Issuer Purchases of Equity Securities

 

Period

 

Total Number of

Shares

Purchased 1

 

 

Average Price

Paid per Share

 

 

Total Number of

Shares

Purchased as

Part of Publicly

Announced Plans

or Programs

 

 

Maximum

Approximate Value of

Shares that may

yet be Purchased

under the Plans

or Programs

 

October 1 – 31, 2016

 

 

262,356

 

 

$

40.12

 

 

 

262,112

 

 

$

131,653,141

 

November 1 – 30, 2016

 

 

589,404

 

 

$

38.07

 

 

 

586,858

 

 

 

109,310,207

 

December 1 – 31, 2016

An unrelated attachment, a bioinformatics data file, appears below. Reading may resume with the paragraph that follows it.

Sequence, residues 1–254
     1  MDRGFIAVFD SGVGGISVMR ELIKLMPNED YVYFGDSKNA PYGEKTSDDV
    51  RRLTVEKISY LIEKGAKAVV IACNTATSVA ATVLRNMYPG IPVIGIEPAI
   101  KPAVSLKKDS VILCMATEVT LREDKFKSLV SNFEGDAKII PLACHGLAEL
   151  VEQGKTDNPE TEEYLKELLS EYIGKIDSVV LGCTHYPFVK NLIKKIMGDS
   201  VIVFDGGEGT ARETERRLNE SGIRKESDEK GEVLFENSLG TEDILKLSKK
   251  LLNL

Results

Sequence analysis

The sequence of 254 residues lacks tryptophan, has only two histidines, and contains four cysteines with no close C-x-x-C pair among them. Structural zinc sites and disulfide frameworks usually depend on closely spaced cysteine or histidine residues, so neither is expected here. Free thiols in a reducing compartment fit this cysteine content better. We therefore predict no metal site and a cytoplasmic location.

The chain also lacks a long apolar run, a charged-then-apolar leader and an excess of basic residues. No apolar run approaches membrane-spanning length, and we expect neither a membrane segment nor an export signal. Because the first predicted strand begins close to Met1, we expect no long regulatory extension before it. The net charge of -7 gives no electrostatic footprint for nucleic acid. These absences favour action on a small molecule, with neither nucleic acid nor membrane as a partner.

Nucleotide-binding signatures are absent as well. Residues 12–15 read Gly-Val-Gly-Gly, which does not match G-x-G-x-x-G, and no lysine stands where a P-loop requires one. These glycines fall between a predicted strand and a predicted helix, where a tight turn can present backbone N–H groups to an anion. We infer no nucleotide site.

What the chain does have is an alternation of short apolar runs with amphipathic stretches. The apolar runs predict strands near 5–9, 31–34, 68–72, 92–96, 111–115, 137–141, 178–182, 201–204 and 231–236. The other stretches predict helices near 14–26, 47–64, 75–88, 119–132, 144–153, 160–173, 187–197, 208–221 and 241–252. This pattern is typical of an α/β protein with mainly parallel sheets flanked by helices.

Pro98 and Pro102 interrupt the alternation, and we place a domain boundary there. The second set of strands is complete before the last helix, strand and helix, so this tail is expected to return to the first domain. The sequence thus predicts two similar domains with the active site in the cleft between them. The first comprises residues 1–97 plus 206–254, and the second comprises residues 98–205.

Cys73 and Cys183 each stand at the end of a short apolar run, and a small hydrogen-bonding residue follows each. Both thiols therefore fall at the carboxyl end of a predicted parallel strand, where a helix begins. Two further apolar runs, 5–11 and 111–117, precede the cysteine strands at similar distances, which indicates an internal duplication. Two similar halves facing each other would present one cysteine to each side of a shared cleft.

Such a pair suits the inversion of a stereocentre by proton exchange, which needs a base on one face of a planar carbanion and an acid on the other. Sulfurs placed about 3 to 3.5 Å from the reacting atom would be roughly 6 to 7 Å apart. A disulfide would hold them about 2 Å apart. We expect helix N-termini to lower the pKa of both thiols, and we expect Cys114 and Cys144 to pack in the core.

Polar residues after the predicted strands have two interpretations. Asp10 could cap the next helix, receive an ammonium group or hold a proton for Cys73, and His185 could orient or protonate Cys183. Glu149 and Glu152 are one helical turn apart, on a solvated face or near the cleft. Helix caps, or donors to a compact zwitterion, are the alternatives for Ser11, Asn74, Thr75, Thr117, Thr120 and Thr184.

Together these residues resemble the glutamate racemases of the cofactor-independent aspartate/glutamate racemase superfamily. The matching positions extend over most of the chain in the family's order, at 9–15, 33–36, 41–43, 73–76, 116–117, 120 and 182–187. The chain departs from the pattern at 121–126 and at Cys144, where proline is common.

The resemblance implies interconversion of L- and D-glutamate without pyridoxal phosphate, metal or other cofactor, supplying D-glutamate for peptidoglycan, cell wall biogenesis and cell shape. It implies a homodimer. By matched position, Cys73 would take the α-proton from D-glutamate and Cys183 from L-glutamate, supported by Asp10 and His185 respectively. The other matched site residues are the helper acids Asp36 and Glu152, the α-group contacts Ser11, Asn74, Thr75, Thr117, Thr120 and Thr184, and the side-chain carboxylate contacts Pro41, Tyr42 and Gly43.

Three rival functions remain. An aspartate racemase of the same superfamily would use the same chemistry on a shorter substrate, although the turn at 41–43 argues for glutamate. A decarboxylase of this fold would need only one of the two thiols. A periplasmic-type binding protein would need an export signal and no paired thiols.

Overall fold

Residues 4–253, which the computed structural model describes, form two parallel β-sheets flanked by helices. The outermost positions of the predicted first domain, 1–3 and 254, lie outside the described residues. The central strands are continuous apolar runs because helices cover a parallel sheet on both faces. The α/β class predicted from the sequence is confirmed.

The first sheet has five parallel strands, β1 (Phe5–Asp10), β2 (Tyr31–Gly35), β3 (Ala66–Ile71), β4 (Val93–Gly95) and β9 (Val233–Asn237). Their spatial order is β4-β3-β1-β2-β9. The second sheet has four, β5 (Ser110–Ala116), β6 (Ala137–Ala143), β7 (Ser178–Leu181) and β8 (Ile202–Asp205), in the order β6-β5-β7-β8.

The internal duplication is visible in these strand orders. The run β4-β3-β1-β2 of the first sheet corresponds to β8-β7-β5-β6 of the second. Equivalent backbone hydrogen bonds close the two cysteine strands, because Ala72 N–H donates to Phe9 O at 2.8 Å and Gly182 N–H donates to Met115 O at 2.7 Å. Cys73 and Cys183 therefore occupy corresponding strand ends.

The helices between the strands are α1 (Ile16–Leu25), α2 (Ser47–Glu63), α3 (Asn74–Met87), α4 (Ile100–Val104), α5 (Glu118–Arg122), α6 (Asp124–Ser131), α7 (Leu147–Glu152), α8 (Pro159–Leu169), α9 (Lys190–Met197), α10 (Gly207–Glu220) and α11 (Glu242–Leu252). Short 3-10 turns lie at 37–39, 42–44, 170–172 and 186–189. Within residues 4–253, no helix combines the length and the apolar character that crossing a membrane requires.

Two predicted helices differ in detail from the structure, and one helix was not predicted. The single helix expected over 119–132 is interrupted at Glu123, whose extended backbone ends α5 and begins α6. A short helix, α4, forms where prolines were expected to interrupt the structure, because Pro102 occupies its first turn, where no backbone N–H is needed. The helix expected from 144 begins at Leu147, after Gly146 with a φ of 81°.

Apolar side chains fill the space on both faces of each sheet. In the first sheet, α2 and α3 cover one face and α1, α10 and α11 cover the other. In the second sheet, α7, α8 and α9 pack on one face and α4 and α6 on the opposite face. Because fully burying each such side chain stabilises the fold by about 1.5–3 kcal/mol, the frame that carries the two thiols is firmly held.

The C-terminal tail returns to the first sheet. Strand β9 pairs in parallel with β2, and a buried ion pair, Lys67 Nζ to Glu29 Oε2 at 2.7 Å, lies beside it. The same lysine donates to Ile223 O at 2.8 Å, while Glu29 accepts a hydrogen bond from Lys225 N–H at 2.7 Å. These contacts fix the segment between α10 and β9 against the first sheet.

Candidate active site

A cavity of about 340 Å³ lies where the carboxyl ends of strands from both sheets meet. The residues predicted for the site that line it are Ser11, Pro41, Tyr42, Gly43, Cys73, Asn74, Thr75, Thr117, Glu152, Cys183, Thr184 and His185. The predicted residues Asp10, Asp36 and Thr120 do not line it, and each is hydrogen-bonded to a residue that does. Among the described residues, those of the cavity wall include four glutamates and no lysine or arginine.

77,517

 

 

$

42.51

 

 

 

75,224

 

 

 

106,118,019

 

Total

 

 

929,277

 

 

 

 

 

 

 

924,194

 

 

 

 

 

 

1

Includes shares reacquired through the withholding of shares to pay employee tax obligations upon the exercise of options or vesting of restricted shares previously granted under long-term incentive plans.  For more information regarding securities authorized for issuance under our equity compensation plans, see Note 21 to the Consolidated Financial Statements included in this Form 10-K.